We use our theories to grasp the world. Do we ignore a crazy man, or incarcerate him? Do we reason with him or listen to him? Does he need lithium, or needles in his meridians, or electrodes across his brain? Does he need an exorcist? It depends on our theory of madness. Theories are the hands of the mind, with which we grapple with problems. A radical new perspective, if it proves to be persuasive, forces a culture to redefine itself, to question its assumptions. Galileo’s detractors would not sit back and allow mankind to be pushed from centre stage. Many people prefer their half-baked pretzels to freshly baked bagels, but eventually they must be ejected. After the blur of Oktoberfest, the streets are awash with vomit. My hangover lasted for two days. The ban on Galileo’s book lasted over two centuries, and a rather tardy Vatican finally cleared him of any wrongdoing in 1992.
Ockham would have loved his adopted hometown, where the people go straight to the point. When you ask a Bavarian ‘Sprekenzi Englischer?’ in a shameful approximation of his language, he might respond with a frown and a ‘nein, ich spreche Deutsche.’ No frills, and no messing around. All a party needs is trombones, leather shorts, and beer by the litre. Prost! Ockham would have made a great English drunk at Oktoberfest, swaying and scowling, cursing into the sleeve of his habit as the pontiff pontificates in front of the Fräuleins, and his whole know-it-all air starts to get the monk’s goat. He eyeballs the Pope across the beer tent and nods towards the table football.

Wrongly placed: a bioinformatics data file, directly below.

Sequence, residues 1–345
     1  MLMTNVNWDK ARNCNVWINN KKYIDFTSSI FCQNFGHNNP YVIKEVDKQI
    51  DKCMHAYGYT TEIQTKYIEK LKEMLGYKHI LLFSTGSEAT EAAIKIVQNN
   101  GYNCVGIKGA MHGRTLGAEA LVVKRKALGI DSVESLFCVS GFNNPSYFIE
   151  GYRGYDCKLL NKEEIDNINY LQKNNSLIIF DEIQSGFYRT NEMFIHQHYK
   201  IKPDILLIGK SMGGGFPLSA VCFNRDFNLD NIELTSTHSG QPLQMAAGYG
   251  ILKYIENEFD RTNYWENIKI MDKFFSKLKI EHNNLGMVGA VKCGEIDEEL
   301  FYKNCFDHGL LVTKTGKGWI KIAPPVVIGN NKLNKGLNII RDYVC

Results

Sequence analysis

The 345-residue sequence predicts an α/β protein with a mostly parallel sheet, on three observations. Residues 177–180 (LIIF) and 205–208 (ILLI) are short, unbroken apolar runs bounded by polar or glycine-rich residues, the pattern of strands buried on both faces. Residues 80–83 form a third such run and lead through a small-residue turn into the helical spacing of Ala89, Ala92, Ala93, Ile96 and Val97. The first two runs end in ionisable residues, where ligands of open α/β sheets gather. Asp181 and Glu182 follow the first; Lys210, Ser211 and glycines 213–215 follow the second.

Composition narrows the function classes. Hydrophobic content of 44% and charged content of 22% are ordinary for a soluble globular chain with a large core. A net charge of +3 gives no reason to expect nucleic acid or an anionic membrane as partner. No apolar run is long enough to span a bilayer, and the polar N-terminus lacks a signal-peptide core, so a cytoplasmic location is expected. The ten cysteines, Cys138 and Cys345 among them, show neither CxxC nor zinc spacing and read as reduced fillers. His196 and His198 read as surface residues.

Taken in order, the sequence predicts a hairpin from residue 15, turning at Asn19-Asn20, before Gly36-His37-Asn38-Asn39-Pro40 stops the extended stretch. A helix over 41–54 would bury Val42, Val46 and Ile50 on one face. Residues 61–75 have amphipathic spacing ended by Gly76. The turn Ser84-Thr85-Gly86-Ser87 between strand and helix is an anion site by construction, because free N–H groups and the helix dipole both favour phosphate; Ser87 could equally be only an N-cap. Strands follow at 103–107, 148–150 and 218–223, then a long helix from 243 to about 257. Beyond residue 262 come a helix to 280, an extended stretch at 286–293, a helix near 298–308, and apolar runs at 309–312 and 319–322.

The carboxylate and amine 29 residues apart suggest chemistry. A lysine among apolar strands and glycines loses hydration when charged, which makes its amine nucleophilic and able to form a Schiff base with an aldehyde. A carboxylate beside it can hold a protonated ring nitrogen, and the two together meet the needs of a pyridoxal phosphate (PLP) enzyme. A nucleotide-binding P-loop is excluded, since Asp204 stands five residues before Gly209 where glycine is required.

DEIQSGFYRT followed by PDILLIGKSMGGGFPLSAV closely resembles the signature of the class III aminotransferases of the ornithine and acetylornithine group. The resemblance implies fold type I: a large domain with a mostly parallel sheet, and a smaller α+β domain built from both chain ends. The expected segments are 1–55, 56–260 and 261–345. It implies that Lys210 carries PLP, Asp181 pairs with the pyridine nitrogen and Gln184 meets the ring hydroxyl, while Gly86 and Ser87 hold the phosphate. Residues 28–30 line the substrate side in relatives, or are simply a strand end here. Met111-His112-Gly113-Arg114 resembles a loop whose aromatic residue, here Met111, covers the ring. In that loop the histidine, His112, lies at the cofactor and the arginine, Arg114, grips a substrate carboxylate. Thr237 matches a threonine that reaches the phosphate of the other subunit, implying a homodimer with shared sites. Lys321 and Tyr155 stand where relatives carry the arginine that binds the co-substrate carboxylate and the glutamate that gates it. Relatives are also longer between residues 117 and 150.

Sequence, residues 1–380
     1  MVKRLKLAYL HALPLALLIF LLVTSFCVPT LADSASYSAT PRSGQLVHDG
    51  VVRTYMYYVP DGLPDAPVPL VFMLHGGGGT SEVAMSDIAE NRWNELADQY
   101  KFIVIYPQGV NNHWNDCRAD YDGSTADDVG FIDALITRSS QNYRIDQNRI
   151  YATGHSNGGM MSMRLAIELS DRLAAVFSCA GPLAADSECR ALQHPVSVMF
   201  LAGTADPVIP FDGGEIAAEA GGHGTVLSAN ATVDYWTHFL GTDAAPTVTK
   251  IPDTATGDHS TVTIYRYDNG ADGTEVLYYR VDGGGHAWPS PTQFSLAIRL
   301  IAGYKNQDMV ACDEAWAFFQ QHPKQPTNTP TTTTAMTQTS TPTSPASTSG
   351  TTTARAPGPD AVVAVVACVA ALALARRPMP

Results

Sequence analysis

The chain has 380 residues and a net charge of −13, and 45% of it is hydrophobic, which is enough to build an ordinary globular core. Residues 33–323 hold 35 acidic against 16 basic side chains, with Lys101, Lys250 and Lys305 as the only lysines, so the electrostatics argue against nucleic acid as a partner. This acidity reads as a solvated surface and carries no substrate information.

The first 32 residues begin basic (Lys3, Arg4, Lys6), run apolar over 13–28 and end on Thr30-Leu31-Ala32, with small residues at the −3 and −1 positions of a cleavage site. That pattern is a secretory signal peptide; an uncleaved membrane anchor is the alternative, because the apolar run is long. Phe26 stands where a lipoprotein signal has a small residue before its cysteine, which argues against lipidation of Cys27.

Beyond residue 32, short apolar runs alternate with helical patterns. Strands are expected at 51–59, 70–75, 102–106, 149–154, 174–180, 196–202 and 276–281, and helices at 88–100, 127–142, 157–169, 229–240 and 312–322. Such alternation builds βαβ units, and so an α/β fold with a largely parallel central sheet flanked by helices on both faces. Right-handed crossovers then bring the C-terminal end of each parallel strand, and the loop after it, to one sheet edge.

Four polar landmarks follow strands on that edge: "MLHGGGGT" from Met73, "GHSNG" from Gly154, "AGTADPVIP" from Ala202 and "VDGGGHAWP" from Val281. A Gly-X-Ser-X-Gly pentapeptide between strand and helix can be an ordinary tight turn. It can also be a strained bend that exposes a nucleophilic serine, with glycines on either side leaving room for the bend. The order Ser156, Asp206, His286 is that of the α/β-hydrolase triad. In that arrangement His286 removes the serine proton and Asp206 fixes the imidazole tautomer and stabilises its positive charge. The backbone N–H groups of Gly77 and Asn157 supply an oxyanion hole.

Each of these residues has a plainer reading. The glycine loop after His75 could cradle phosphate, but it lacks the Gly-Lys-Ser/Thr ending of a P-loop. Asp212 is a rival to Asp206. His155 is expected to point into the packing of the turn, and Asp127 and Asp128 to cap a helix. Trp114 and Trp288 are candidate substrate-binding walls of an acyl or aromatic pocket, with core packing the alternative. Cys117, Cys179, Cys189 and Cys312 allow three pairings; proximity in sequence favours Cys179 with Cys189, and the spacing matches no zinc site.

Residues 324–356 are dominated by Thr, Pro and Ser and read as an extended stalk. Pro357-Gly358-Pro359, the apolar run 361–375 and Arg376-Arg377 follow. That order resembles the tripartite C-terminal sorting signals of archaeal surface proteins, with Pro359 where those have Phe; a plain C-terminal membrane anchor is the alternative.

The Pope calmly drains his glass of red and accepts the challenge, and the ultimate dream team approaches the table. Magellan fashions a ball from a beer-mat and rolls it into play. The Pope knocks it upfield, but Galileo takes control at the back line and sends it past the Pope’s strikers to Newton. The two old virgins eye each other for a furtive moment as Newton’s fingers tickle his abacus under the table. He passes to Kant with startling precision as the Pope spins poles wildly. Kant gazes at the table and then calmly kicks the ball to the corner, where it comes to a gradual stop at the edge of the Milky Way. The Pope starts shaking the table and muttering incantations, and Ockham’s quick eyes dart around the tent and fall on Einstein, enjoying a pipe at the bar. Einstein strikes a match, and the table jumps up and flips into a sphere. The Pope recoils shrieking, hat tumbling as Einstein smiles his goofy smile, but the monk glares back. ‘I’m off to play dice with God,’ he growls. He clinks glasses with Schrödinger, downs his pint, and burps a foul, mathematical cloud of gas on his way out.[i]
Ockham’s razor cuts away, but it gives nothing back. The monk just takes your beloved beliefs outside and gives them a good kicking. Medieval cosmologists did not know how God pushed the planets round. Newton knew no better:
I have not been able to discover the cause of those properties of gravity from the phenomena, and I frame no hypothesis; for whatever is not deduced from the phenomena is to be called an hypothesis; and hypotheses, whether metaphysical or physical, whether of occult qualities or mechanical, have no place in experimental philosophy.4
Today’s most advanced hypothesis on gravity requires a purely hypothetical particle called a graviton, for which no evidence exists. In the absence of reliable knowledge, models are born, they develop and compete, and they are killed; but they never become true. They become superstitions. The theoretician, a different beast from the experimental philosopher, is counselled by Karl Popper to accept models only provisionally. Popper called this falsificationism, and took it almost word for word from Newton: